Lebanon Daily News Brief 11/11/2022

Friday, November 11, 2022
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DAILY NEWS

Lebanese Parliament Fails to Elect President Once Again
According to the National, Lebanon’s parliament failed to elect a president on Thursday when it convened for a fifth electoral session to elect a new head of state. It was the first session since the end of previous president Michel Aoun’s term.” [
The National]

PM Mikati: IMF Deal Still Reachable without President or Fully Formed Government
According to Reuters, “Lebanon could still finalise a deal with the International Monetary Fund for a $3 billion bailout despite having no president and no fully-empowered government, caretaker Prime Minister Najib Mikati said on Thursday.” [
Reuters]

Stray Bullet Strikes MEA Plane on Approach into Beirut Airport
According to AP News, “A stray bullet hit a Middle East Airlines jet while landing in Beirut on Thursday, causing some material damage. No one among the passengers or crew was hurt, the head of the Lebanese airline company said.” [
AP News]

USAID Announces $50 million Supporting Matriculation to AUB, LAU, NDU
According to Naharnet, Administrator of the United States Agency for International Development (USAID) Samantha Power announced Thursday that USAID will provide $50 million for Lebanese and refugee students to attend the American University of Beirut (AUB), Lebanese American University (LAU), and Notre Dame University-Louaize (NDU).” [Naharnet]

OPINION & ANALYSIS

Innocent Victims Of Beirut’s Politics
Jean AbiNaderAbiNader writes, “Lebanon’s fragility is underscored by its gravely weakened education and health sectors; the miserable condition and cost of public transportation; its devalued economy; and the ongoing threats to its security and stability. Anyone who says that these are temporary conditions has not been in the streets of Lebanon lately. Consider the cholera-infested areas of the north, Lebanese dumpster diving in Beirut, or the littered streets and beaches. While there is some agreement that a consensus president is needed, the lack of agreement on implementing the IMF reform package is less reassuring . . . The hollowing out of state institutions and protections of civil and human rights will delay the reconstructing of a credible, professional public sector. The first needed remediation is a package of social support services that are inclusive, equitable, and transparent. As of now, the social contract between the state and its employees is frazzled, fraught with omissions, exclusions, and nepotism, and subject to the whims of political leaders ensuring their survival by pandering to their constituents.”

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Brookings
Hezbollah’s Dilemmas
Daniel L. BymanByman writes, “The Lebanese Hezbollah is no longer the same organization that in 2006 battled the Israeli army to a standstill: the group today is more global, but has a weaker domestic position than in the past. For the last decade, Hezbollah has focused its formidable energies on helping its longtime ally, Syrian President Bashar al-Assad’s regime in Syria, win the country’s civil war. As that conflict winds down with Assad secure in power, Hezbollah is pulled in many competing directions. Lebanon itself is in crisis, with Hezbollah’s own legitimacy declining. Iran is pushing Hezbollah to be even more expansive, continuing to help fight Israel and to bolster militant groups in Iraq, Yemen, and other countries. Hezbollah retains its enmity towards Israel and remains a dangerous threat, but the group appears careful to avoid activities that might escalate into all-out war. The United States can put more financial pressure on Hezbollah and otherwise attempt to weaken the group, but the group’s fate will ultimately depend on Lebanese and regional dynamics, with the group exercising considerable influence in Lebanon and the region, though not necessarily seeking greater conflict with Israel or the United States. Until the Lebanese themselves put their own house in order by reducing corruption, engaging in economic reform, and improving transparency, there will be limits on how much the United States can, or should, engage with Lebanon.”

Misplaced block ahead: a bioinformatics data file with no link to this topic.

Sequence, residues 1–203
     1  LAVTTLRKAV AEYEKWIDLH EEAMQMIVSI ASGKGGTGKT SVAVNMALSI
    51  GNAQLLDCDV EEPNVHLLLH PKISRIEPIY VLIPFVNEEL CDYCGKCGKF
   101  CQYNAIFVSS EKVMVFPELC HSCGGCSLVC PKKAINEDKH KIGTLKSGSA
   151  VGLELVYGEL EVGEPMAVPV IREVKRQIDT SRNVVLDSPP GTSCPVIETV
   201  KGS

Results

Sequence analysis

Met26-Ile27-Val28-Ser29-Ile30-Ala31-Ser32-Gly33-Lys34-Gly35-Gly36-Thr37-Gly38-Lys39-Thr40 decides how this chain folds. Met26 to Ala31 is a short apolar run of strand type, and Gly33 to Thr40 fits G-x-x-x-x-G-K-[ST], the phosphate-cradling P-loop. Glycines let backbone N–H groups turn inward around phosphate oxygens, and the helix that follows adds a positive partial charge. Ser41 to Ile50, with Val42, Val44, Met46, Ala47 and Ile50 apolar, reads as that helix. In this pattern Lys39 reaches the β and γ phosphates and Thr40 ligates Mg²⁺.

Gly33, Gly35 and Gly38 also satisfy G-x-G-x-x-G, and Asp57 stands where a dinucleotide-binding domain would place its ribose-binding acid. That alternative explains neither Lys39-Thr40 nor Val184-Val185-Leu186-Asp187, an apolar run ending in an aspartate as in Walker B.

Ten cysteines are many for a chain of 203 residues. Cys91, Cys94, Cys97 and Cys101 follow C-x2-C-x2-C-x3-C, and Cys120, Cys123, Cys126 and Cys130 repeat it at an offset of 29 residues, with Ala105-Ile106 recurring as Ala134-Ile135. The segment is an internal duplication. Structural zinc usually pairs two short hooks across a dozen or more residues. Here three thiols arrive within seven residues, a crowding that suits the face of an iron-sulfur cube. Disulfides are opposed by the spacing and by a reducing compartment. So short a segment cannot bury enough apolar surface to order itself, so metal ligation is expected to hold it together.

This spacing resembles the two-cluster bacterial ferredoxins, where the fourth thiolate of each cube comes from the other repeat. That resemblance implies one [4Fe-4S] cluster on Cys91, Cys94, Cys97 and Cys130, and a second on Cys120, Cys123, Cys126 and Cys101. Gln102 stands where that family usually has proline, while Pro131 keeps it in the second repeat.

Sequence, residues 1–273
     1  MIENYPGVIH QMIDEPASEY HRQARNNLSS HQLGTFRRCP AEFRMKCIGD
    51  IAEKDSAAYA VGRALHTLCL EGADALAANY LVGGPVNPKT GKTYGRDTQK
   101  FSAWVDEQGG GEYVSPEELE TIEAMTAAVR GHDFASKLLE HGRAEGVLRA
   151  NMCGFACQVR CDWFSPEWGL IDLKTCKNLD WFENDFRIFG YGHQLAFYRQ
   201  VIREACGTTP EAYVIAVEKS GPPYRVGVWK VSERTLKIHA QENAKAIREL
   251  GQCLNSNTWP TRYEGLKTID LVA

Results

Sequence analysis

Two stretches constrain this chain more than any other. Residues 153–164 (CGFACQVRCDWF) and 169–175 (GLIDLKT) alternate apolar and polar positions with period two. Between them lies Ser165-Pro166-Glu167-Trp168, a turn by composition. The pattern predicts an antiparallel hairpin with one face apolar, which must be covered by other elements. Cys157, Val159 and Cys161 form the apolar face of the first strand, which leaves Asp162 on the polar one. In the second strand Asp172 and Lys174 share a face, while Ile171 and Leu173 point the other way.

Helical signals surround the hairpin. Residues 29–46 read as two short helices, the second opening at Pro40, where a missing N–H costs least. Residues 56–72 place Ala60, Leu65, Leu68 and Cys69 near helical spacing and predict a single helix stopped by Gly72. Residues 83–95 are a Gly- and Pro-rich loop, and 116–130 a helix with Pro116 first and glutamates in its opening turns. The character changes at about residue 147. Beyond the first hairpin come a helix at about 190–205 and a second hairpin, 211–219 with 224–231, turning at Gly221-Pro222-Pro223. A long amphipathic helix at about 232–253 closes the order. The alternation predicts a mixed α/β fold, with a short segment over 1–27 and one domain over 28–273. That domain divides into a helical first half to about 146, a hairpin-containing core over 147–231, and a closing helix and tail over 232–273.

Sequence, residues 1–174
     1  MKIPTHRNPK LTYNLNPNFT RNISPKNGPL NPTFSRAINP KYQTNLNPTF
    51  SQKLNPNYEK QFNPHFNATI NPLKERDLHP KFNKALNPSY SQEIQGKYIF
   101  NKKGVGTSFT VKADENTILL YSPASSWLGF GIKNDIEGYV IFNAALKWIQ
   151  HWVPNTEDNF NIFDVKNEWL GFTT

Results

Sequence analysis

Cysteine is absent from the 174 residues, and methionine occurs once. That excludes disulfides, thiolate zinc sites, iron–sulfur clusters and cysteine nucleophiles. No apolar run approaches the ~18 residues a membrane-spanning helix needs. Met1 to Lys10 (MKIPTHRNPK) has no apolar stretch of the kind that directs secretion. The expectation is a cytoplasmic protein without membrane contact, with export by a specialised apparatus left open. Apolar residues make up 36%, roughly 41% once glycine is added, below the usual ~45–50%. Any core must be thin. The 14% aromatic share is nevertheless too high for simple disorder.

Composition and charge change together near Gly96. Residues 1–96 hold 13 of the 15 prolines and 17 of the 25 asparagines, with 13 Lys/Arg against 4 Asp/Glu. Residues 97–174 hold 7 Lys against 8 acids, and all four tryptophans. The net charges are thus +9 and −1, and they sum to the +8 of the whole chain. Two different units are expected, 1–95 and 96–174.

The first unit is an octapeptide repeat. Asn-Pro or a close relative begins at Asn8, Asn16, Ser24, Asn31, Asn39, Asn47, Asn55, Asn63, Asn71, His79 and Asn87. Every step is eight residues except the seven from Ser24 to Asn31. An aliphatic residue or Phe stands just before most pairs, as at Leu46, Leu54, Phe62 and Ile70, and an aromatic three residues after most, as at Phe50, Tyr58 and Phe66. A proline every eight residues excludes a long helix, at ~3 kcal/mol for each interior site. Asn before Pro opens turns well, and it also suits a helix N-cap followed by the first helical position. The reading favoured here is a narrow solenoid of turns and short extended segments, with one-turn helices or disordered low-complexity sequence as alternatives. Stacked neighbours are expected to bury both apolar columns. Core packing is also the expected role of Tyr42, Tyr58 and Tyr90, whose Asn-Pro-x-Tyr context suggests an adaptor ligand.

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L’Orient Today
Why is the Mediterranean Basin Warming Twice as Quickly as the Global Average?
Lyanna AlameddineAlameddine writes, “Snowfall in the middle of the desert, sandstorms, extreme heat, prolonged drought, uncontrolled rainfall: severe weather is increasingly affecting the Middle East. As the COP27 climate conference continues in Sharm el-Sheikh, we shed light on climate issues facing the region.”

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Disclaimer: The views and opinions expressed in these articles are those of the author and do not necessarily reflect the position of the American Task Force on Lebanon, a non-profit, nonpartisan leadership organization of Lebanese-Americans.